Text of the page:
Bank of Canada stays neutral, frets over household debt

The Bank of Canada building is pictured in Ottawa in this file photo taken July 19, 2011....

The Bank of Canada building is pictured in Ottawa in this file photo taken July 19, 2011. (REUTERS/Chris Wattie/Files)

Randall Palmer and David Ljunggren, Reuters

, Last Updated: 9:27 AM ET

OTTAWA - The Bank of Canada reiterated its explicitly neutral stance and kept its overnight interest rate at 1 percent on Wednesday, but highlighted new concern over the overstretched household sector.

"Overall, the risks to the outlook for inflation remain roughly balanced, while the risks associated with household imbalances have not diminished," it stated.

It dropped previous references to the constructive evolution of household imbalances and to a soft landing for the housing market and said "activity in the housing market has been stronger than anticipated."

Yet it was sanguine about inflation, which peaked at a 28-month high of 2.4 percent in June, saying recent data reinforced the view that higher inflation had been attributable to temporary effects "rather than to any change in domestic economic fundamentals."

Canadian economic growth in the second quarter was almost exactly as forecast, it said, as exports surged with the support of stronger U.S. investment spending and the past depreciation of the Canadian dollar. An increasing number of export sectors appeared to be turning the corner toward recovery, it said.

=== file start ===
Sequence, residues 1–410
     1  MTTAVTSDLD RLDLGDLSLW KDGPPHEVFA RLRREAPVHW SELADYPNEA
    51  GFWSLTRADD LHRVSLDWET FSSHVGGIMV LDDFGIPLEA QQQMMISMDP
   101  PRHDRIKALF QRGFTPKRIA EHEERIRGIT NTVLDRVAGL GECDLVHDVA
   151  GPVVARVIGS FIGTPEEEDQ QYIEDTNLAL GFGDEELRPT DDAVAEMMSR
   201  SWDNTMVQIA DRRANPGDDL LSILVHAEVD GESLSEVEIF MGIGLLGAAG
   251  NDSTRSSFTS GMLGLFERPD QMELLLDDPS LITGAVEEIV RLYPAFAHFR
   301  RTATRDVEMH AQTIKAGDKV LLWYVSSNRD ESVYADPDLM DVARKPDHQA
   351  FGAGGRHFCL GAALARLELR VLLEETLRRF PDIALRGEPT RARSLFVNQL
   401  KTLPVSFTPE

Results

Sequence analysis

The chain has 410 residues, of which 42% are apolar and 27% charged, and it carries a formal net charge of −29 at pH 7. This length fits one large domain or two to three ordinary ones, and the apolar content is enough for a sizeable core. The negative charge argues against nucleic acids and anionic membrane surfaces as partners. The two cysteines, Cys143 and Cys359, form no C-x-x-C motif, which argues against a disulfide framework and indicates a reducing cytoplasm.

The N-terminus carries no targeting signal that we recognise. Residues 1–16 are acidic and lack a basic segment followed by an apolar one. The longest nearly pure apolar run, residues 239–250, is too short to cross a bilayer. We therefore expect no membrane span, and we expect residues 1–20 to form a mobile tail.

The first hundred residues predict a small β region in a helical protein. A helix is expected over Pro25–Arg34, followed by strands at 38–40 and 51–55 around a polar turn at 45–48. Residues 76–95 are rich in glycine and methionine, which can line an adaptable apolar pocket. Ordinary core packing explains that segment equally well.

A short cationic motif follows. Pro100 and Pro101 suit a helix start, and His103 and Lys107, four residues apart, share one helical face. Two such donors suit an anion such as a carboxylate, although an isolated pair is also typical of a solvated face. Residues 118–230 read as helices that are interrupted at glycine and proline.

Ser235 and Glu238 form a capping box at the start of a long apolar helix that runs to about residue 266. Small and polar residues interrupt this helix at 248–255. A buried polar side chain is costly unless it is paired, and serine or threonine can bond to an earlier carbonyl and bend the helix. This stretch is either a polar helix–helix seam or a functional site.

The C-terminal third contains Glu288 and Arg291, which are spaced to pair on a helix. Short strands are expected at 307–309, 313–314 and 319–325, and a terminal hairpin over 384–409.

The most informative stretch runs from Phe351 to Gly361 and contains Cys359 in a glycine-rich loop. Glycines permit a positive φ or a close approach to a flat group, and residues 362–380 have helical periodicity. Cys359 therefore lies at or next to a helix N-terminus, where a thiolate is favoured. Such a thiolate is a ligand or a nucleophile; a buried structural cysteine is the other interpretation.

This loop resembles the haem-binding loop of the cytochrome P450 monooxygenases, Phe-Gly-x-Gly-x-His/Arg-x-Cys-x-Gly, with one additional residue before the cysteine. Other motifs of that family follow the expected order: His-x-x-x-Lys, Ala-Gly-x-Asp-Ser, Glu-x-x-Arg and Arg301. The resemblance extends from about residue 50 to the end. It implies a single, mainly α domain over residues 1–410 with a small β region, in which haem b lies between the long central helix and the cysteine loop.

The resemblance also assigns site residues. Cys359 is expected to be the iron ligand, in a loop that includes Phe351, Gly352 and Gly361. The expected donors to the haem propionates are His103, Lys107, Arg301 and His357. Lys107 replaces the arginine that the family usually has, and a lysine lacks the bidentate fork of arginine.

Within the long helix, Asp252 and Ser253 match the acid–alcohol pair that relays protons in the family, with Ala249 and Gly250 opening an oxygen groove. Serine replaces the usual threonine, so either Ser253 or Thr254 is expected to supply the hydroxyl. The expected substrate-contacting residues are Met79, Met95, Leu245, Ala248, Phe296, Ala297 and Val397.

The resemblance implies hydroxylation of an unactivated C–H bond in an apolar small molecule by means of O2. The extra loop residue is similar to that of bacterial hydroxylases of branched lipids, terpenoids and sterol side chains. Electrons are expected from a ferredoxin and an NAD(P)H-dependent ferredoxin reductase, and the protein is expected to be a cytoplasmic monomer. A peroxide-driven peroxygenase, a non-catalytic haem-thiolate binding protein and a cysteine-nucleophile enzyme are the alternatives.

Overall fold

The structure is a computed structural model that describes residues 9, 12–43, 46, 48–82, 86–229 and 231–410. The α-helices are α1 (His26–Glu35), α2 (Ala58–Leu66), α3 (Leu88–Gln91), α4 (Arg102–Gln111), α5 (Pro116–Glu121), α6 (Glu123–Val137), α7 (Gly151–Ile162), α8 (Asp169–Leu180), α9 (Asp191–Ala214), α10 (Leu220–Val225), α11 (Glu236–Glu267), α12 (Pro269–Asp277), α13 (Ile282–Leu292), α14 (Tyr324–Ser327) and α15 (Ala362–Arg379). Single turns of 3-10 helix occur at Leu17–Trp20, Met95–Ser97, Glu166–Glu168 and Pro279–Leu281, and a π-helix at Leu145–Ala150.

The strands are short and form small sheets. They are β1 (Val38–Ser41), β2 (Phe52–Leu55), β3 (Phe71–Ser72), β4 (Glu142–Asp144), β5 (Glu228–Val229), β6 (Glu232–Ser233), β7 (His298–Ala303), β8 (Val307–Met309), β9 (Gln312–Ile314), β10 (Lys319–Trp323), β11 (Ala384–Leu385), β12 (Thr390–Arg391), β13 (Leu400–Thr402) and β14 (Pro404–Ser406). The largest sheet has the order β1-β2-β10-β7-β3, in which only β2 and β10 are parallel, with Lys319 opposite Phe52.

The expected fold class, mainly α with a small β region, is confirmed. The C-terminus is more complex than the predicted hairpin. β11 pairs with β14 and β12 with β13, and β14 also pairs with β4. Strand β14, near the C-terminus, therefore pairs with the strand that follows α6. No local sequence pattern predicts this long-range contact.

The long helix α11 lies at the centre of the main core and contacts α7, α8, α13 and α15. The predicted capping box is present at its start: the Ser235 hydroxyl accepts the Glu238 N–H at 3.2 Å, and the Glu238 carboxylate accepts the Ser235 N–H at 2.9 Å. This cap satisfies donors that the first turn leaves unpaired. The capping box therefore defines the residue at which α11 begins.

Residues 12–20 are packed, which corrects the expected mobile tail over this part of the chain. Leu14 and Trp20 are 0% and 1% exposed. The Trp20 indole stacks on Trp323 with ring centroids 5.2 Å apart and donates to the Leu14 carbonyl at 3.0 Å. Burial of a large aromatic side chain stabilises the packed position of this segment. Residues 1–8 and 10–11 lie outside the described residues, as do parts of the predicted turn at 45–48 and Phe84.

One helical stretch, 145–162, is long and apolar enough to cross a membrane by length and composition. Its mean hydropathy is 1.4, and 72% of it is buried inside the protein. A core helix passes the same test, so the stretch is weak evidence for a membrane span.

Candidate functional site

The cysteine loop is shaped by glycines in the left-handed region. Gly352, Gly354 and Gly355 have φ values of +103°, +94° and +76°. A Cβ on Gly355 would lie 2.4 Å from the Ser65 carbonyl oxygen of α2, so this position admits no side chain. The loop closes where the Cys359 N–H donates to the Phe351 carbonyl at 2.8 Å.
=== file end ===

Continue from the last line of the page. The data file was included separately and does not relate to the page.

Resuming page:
The overnight rate has been at 1 percent since Sept 8, 2010.

"The bank remains neutral with respect to the next change to the policy rate: its timing and direction will depend on how new information influences the outlook and assessment of risks," it said.

Governor Stephen Poloz last year dropped the tightening bias of his predecessor, Mark Carney, and in July directly inserted language into the statement saying the bank was neutral.

Virtually no one believes there is a 50 percent chance of a rate cut, however. A Reuters survey of 39 economists taken before Wednesday's statement unanimously forecast that the next move would be up.

The central bank and finance ministry had long voiced concern about the amount of debt households had taken on, saying that when mortgage rates eventually do rise some Canadians could have trouble. But they had also recognized a tapering off of indebtedness.

The ratio of Canadian household debt to income fell to 163.2 percent in the first quarter from 163.9 percent in the fourth quarter of 2013, and a record high 164.1 percent in the third quarter of 2013, Statistics Canada reported on June 19.


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